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USCIS to consider welfare status of green card applicants

by Lynde Langdon
Posted 8/14/19, 12:01 pm

Receiving welfare benefits such as food stamps or Medicaid could disqualify some immigrants from getting their green cards, the Trump administration announced this week. Acting U.S. Citizenship and Immigration Services Director Ken Cuccinelli’s defense of the rule has received heavy coverage and criticism. He said people seeking permanent residency should be able to “stand on their own two feet.” Historically, immigrants have had to show they had a means of support from family, friends, or the community, but they have not had to prove financial independence as a condition for remaining in the United States.

How many people would this change affect? Most new arrivals to the United States aren’t eligible for welfare because of their immigration status. The rule tells USCIS officials to consider welfare status as one of a variety of factors that could result in someone becoming a “public charge.” It doesn’t apply to refugees, asylum recipients, pregnant mothers, or members of the U.S. armed forces.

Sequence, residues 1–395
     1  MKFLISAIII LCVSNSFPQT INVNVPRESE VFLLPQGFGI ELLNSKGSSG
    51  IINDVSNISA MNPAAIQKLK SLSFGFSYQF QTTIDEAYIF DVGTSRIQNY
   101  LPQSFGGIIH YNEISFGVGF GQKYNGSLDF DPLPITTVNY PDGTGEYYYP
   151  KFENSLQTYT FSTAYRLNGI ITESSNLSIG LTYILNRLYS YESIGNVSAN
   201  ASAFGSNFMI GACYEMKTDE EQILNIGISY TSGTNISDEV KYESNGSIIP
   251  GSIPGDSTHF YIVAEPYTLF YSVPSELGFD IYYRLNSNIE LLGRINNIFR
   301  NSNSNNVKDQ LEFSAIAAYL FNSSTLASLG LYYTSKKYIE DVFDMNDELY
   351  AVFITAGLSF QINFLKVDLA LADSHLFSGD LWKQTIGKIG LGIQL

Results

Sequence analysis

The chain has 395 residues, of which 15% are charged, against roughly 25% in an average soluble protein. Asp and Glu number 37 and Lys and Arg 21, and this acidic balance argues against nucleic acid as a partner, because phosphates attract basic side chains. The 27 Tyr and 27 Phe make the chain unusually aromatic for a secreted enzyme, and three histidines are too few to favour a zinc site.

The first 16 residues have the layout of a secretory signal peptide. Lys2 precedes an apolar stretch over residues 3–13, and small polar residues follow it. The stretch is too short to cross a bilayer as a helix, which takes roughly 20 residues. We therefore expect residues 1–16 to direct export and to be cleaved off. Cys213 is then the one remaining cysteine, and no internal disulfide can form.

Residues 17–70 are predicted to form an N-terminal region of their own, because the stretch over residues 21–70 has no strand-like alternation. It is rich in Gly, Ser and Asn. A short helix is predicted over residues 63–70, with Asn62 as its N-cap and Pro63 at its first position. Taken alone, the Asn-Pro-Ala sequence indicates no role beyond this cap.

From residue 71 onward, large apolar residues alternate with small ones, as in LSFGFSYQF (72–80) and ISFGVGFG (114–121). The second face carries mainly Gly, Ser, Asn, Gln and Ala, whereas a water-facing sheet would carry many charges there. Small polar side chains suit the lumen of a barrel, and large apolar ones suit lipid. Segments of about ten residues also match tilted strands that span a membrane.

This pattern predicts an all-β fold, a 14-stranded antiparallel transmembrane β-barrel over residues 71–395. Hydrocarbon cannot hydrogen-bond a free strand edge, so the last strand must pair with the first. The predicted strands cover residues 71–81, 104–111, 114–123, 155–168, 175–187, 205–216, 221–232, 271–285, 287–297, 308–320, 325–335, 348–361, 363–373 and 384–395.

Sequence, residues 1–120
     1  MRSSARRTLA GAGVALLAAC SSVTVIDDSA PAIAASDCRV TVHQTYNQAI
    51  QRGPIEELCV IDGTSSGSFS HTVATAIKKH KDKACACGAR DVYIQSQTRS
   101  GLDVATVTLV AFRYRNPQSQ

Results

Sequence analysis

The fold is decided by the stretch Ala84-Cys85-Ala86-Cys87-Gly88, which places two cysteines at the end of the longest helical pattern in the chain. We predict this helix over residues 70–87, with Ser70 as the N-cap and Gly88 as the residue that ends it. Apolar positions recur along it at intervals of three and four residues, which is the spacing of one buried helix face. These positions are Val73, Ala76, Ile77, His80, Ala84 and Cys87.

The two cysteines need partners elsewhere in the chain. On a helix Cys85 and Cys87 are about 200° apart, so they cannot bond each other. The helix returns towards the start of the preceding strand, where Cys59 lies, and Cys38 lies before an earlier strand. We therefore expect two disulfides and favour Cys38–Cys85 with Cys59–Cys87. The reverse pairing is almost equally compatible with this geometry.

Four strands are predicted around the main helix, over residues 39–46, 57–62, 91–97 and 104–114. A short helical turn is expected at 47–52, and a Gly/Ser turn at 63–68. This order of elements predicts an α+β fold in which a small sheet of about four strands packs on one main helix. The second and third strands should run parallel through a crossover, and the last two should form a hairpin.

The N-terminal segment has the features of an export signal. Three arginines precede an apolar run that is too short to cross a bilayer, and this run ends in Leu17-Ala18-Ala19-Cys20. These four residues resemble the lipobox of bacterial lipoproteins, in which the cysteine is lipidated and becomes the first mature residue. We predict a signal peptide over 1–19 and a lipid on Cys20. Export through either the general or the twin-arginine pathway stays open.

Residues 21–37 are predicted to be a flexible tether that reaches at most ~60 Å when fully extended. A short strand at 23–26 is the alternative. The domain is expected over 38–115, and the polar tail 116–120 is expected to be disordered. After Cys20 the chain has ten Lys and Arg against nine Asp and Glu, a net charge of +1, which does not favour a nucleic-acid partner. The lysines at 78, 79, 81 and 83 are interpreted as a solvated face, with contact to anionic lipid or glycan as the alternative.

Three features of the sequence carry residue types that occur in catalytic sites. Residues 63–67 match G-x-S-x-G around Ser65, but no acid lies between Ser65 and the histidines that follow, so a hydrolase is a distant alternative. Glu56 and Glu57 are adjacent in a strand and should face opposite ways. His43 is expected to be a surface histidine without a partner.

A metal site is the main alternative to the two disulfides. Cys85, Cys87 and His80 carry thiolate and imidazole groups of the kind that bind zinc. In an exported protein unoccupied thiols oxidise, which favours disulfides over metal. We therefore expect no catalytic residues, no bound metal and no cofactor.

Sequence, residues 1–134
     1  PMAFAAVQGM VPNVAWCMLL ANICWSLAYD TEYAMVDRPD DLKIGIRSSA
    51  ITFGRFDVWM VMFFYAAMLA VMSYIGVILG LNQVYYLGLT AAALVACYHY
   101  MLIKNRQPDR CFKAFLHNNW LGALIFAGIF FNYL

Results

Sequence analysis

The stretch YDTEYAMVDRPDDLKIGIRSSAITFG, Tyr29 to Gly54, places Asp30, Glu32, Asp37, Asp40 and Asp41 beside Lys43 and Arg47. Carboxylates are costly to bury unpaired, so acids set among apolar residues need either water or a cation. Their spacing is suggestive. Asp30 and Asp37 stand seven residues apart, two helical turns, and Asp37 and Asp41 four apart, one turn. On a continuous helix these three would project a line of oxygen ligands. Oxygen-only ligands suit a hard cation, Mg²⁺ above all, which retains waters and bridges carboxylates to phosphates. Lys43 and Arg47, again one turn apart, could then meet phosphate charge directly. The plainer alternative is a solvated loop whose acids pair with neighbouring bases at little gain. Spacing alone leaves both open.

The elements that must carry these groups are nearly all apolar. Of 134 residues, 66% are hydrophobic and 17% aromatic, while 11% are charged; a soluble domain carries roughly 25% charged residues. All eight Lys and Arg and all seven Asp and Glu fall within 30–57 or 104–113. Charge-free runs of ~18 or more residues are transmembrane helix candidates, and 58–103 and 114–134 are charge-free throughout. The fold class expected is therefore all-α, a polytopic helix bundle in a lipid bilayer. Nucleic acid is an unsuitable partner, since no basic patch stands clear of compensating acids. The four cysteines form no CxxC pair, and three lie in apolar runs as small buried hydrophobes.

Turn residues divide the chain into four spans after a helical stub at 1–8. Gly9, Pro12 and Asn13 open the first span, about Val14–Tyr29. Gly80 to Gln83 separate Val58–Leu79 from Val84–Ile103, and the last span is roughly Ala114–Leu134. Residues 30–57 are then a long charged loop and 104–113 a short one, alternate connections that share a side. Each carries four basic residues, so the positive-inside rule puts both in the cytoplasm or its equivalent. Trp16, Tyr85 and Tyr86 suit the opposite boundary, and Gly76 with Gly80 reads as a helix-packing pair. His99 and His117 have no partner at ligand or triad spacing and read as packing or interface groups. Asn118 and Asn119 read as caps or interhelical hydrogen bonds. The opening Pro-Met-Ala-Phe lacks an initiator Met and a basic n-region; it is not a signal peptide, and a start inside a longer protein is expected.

Dig deeper: The move has people debating the meaning of Emma Lazarus’ poem “The New Colossus,” part of which is inscribed on the pedestal of the Statue of Liberty in New York Harbor. Lazarus advocated for impoverished Jewish immigrants who fled persecution in Russia in the late 1800s—long before programs such as Medicaid or the Supplemental Nutrition Assistance Program existed. Read WORLD editor in chief Marvin Olasky’s take on the poem, along with Charissa Koh’s report on how many immigrants actually receive welfare.

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Lynde Langdon

Lynde is a WORLD Digital’s managing editor and reports on popular and fine arts. She lives in Wichita, Kan., with her husband and two daughters. Follow Lynde on Twitter @lmlangdon.

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